Christmas Boxes

Kelly Asbury and daughter Becca demonstrate what donated items would go into a box for the project Christmas Boxes for children.

Despite the fact that Memorial Day is barely over and the 4th of July is looming, it’s time to think about Christmas.

Yes, Christmas.

That’s about the time around 1,000 needy children around the world will be receiving gift boxes filled with clothing, a toothbrush and toys provided by people in Northeast Nebraska.

Kelly Asbury and her daughter, Becca, 14, are spearheading the project that took root last year during Grace Lutheran Church’s Vacation Bible School. The Rev. Chris Asbury, Kelly’s husband and Becca’s father, is associate pastor at the church.

“Last summer, we packed around 200 boxes as the mission outreach part of Grace’s VBS. Becca and I enjoyed it so much, we decided to pack even more,” Kelly Asbury said.

The duo put an announcement in area church bulletins and other publications and received enough items to pack 959 boxes, which were shipped overseas by the Orphan Grain Train.

This year, they hope to pack at least 1,000 boxes that will contain a T-shirt, socks, underwear, coloring book, stickers, crayons, toothbrush, ball, stuffed animal and a toy.

That’s a lot of stuff to fit into a box that’s approximately 7 by 13 by 5 inches.

“If we can fit it into the box, we’ll take it,” Asbury said. “That’s the only constraint.”

The boxes are for children ages 2 to 12, and each item is specific to the child’s age and gender, Asbury said.

While the socks, underwear, toothbrush and crayons have to be new, the T-shirts and toys can be gently used, she said.

Last year, they received some interesting items, including a Barbie doll collection complete with homemade clothing and a stuffed animal collection.

They used the monetary donations they received to buy items they needed. Doing so allowed them to take advantage of sales and to buy in bulk, they said. They keep track of the donations on a spread sheet.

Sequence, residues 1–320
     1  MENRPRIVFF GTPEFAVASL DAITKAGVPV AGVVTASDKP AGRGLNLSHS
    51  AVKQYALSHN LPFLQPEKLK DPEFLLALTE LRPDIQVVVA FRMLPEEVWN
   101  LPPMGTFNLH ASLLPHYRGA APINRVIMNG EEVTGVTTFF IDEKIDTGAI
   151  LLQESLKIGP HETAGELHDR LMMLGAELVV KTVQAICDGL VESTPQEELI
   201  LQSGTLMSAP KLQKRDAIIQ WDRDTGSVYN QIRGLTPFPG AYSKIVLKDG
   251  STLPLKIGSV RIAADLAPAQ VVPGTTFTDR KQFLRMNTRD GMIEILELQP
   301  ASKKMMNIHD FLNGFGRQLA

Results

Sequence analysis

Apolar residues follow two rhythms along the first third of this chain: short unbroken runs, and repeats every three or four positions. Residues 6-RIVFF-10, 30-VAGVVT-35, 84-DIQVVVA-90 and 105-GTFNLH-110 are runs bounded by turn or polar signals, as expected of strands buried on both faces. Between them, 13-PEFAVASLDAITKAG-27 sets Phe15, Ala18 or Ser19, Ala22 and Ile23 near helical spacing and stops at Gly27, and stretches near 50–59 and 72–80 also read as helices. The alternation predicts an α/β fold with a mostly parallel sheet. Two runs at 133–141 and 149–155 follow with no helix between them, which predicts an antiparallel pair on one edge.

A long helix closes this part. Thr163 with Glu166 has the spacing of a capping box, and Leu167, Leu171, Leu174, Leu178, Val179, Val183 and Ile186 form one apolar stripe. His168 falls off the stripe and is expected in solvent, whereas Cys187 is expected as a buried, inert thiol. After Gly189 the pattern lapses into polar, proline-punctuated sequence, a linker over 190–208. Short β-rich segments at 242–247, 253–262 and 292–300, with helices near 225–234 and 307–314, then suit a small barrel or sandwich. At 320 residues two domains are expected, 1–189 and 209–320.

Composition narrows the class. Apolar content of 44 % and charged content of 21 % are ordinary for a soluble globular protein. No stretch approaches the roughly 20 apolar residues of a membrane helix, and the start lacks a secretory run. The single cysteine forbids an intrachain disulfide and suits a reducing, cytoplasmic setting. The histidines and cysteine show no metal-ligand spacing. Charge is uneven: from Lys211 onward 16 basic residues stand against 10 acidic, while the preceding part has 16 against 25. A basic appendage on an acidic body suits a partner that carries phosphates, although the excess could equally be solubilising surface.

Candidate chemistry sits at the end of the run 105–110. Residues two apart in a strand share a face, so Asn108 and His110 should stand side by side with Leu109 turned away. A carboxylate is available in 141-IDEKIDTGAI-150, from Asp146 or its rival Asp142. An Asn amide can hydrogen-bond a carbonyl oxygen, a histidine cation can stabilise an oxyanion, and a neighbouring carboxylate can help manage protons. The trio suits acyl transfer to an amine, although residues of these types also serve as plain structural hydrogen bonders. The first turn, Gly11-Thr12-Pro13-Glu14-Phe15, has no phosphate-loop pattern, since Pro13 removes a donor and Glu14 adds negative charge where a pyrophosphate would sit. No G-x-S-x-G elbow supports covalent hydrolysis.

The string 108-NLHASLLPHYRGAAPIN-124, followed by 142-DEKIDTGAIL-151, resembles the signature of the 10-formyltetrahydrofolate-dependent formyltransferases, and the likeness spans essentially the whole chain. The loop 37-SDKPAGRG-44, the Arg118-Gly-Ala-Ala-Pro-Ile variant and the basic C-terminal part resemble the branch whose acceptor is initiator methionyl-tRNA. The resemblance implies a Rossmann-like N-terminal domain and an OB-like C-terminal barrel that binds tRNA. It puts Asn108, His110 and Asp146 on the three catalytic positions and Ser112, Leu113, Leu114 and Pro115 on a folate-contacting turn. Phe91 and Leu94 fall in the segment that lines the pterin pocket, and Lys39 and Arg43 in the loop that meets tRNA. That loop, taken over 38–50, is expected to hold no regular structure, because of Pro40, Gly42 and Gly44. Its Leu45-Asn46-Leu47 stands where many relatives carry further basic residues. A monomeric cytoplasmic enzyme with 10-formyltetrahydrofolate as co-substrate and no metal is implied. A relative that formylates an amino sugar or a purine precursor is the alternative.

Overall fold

If possible, items that have lots of pieces, such as boxes of Legos, are divided so more children will receive them. In some cases, they will put a few of the pieces together so the children will know what to do with them. After all, many of the boxes will be given to children who have never seen a Lego or a crayon.

Their plan to collect items until the end of July and pack boxes in August so the boxes can be shipped in September.

When it’s time to pack, they will enlist the aid of volunteers, including the rest of the Asbury children ­— Noah, 11, Megan, 9, Ashley, 5, and Hannah, 3. Other volunteers are welcome.

Last year, quite a few people from area churches helped pack boxes, Asbury said.

In September, the boxes will be loaded into Orphan Grain Train shipments being sent around the world.

“The children around the world who will receive these boxes rarely receive any gifts. Some do not own anything other than the clothes on their back,” she said.

In other news

Rats can drive cars. Not your car or my car. (Their legs really wouldn’t reach the pedals, after all.) Rather, researchers have created tiny cars just for their lab rats and certain experiments and have taught the little critters how to drive.

This year’s Madison County Fair continued Wednesday with the 4-H rabbit show in the morning and poultry show in the afternoon, and an important takeaway from Wednesday’s shows was the educational experience.